Sorry I am such a poor paster. I tried to post the PDF file from the union but I must be challenged.
Deli
 

zonker

Well-known member
Joined
Aug 25, 2002
Posts
629
Total Time
....
The summary:

Summary
Management values the Sept. 27, 2005 term sheet at a total of an average of $358 million per year in pilot labor cost savings with a reduction in required pilot staffing of 890 pilots, not including the 400 furloughs already announced. That would bring the total staffing reduction to 1,290 pilots (not including the more than 500 pilots currently on layoff).

The annual savings shown in the table on Page 5 is considered “steady state.” Steady state savings are those which are fully recognized after the new contract is in place for a period of time. This number differs from the immediate savings generated by a modification due to the time period required for work rule savings to be fully realized as transition and implementation issues are ironed out and any resulting displacements occur. The smaller, first-year cost savings, when totaled with the steady state annual savings ($361.8 million per year), and averaged over the five year contract, saves $358 million per year in pilot labor costs.

Remember, the dollar savings and staffing reductions above are in addition to our 2004 Bridge Agreement. This means the reductions would occur on top of the $265 million annual savings ($250 million annual savings in management’s view) already agreed to by NWA and ALPA beginning in December 2004.

The staffing reduction of 1,290 pilots is in addition to the over 500 currently furloughed NWA pilots. In other words, under management’s proposal and using its costing numbers, it would take 1,290 fewer active pilots than we currently have to operate this airline at management’s planned level. Based on the July 2005 seniority list this would make seniority number 4123 approximately the most junior pilot on the property with a hire date of Aug. 1996. This is only an estimate and the real impact of these types of changes could vary widely due to retirements, leaves, resignations, accuracy of the staffing impact number and the airline’s level of operations. This does however give you an idea of the magnitude of
management’s proposal and how it would affect pilot staffing.

Company’s Latest Scope Proposal
On July 14, 2005 (and again on Sept. 27, 2005) NWA management approached the Negotiating Committee with a scope proposal which would essentially allow NWA to operate 76-100 seat aircraft under a separate subsidiary of NWA (termed “Newco”) or through outsourcing to another carrier. The proposal included a general statement that pay rates, work rules and benefit levels would be similar to those found at airlines such as Comair, AMR Eagle and Mesaba. Pilots working for this separate subsidiary would not be on the NWA system seniority list, but would be allowed to flow back and forth between the two airlines as needs require. The above costing numbers and staffing impacts do NOT reflect this scope proposal.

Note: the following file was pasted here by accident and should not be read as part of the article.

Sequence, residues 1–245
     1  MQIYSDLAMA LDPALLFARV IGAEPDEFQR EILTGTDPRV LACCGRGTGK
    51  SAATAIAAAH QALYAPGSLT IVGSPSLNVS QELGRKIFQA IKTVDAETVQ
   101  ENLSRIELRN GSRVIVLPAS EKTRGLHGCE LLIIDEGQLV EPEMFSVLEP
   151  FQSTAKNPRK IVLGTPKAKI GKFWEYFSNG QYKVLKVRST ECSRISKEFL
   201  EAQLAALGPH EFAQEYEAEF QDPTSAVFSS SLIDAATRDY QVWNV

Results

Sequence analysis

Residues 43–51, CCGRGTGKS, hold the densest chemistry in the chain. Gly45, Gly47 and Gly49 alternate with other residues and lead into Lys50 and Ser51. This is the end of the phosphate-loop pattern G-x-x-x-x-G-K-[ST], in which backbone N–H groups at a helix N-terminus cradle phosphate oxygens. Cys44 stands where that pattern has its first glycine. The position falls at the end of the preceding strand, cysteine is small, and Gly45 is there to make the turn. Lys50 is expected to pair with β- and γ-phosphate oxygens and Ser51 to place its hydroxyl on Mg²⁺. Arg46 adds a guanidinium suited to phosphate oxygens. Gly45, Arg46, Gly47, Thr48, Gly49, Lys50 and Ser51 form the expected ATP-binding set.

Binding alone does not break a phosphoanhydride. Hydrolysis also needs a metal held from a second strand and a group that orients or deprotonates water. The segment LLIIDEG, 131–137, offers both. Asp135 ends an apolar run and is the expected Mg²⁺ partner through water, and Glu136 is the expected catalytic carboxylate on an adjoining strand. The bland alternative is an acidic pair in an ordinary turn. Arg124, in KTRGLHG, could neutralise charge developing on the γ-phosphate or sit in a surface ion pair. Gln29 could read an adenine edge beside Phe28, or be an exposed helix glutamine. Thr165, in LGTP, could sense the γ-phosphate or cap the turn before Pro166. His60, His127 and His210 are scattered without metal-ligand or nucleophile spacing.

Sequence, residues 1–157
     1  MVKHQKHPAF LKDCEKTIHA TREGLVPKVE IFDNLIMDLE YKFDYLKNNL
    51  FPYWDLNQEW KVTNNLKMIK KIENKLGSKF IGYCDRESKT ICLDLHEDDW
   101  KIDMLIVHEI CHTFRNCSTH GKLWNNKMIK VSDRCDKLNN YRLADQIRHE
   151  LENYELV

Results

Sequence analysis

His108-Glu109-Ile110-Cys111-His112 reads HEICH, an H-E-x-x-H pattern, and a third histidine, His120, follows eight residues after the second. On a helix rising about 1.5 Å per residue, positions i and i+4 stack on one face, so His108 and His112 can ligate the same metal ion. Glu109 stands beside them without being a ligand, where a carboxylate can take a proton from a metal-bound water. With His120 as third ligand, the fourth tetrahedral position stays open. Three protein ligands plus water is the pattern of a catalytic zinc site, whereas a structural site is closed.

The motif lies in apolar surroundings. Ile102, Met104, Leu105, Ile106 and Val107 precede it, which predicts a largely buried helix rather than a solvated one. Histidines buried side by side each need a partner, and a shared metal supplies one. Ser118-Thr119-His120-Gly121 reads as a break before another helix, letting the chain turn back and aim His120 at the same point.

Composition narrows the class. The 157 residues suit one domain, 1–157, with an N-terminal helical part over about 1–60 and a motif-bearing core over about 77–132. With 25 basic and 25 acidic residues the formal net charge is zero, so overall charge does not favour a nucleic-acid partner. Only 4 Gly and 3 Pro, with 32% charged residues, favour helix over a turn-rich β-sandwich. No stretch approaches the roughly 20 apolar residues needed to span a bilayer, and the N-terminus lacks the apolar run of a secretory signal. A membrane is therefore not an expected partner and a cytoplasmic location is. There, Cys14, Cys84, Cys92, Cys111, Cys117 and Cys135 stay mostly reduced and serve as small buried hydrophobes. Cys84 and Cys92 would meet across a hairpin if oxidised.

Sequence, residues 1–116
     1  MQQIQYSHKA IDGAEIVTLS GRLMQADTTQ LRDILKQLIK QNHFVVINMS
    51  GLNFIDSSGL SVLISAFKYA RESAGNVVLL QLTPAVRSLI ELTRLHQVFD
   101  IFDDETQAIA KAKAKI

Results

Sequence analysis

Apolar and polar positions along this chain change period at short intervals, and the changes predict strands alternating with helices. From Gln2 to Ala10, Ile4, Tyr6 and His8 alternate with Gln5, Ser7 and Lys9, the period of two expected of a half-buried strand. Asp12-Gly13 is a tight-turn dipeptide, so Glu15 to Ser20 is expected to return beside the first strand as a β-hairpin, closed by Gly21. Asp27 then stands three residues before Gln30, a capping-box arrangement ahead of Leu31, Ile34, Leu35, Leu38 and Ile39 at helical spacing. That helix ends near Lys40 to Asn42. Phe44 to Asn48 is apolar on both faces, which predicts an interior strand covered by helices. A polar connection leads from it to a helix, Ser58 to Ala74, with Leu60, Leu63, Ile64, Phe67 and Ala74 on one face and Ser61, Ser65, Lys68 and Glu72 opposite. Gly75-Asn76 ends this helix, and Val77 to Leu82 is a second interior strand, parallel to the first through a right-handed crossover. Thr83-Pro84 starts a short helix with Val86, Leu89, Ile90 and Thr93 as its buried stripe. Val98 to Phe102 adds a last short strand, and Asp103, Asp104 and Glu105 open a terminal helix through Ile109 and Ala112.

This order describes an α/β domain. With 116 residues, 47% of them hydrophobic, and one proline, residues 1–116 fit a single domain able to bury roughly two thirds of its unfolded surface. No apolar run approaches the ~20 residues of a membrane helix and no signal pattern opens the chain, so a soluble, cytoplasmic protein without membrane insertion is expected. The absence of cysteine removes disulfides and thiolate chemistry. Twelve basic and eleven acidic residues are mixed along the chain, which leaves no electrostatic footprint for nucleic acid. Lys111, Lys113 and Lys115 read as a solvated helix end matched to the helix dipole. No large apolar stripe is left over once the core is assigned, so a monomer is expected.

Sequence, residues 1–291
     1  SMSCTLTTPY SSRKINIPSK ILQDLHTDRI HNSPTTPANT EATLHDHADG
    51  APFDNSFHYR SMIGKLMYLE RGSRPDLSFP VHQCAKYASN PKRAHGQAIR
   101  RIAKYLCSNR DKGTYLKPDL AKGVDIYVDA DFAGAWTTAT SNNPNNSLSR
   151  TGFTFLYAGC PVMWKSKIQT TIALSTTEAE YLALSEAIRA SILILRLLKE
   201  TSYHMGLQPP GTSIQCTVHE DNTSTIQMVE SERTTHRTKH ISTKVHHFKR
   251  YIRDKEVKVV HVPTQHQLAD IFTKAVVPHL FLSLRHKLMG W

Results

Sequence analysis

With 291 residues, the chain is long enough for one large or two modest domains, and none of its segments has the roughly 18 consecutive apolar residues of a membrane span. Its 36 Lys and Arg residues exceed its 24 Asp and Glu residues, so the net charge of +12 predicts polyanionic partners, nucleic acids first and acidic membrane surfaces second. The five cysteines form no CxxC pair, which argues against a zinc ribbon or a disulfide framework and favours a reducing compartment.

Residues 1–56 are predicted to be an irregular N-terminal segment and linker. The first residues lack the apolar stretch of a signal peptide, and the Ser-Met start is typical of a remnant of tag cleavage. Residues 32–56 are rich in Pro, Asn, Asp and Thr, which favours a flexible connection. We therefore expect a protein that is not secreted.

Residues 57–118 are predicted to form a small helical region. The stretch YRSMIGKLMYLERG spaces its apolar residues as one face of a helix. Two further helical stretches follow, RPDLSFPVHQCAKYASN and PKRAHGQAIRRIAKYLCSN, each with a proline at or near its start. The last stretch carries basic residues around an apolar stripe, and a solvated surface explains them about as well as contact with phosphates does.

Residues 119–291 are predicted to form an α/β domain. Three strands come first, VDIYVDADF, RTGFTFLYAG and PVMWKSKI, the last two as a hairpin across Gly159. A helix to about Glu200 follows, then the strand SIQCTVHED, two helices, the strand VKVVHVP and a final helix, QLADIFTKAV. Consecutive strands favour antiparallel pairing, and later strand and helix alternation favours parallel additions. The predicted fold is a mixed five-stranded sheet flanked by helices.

Management indicated that absent our agreement to such a proposal it would be impossible for NWA to afford to purchase a DC-9 replacement aircraft. We are somewhat perplexed by this statement, since aircraft in the current Airlink fleet are purchased by NWA and leased to those carriers. Management presented its proposal without any financial justification, back-up data, operating plan or delivery plan. To say that the MEC Negotiating Committee was disappointed and frustrated by this proposal is an understatement. For some time now we have acknowledged the necessity of creating a competitive feed structure for NWA. For more than 18 months we have tried to get management to engage in a meaningful discussion of the small jet issue in a manner that would allow NWA pilots to perform this flying on a competitive basis as a division of NWA and under our pilot contract. NWA has shown little desire to address any of our concerns in this area and has provided no cost justification for its assertions and proposals.

NWA MEC Negotiating Committee 6 Sept. 28, 2005

The Negotiating Committee continues to recognize NWA’s need for cost-effective SJ feed and a cogent 100-seat replacement strategy. However, outsourcing this work to another entity is not the answer. Continued outsourcing of our product is not, in our view, the way to economically provide a consistent, high quality product to our customers. We remain committed to keeping all aircraft 60 seats and greater under the NWA contract and to have them flown by NWA seniority list pilots. An attempt by management to rush this complex issue to completion through the Chapter 11 process may lead to a major confrontation with this pilot group. The MEC Negotiating Committee has requested clarification and justification for management’s “Newco” proposal. We continue to await management’s response to our request for more information and for a complete operational plan. It is impossible to respond in any meaningful way without knowing the timing and specifics of such a SJ feeder operation.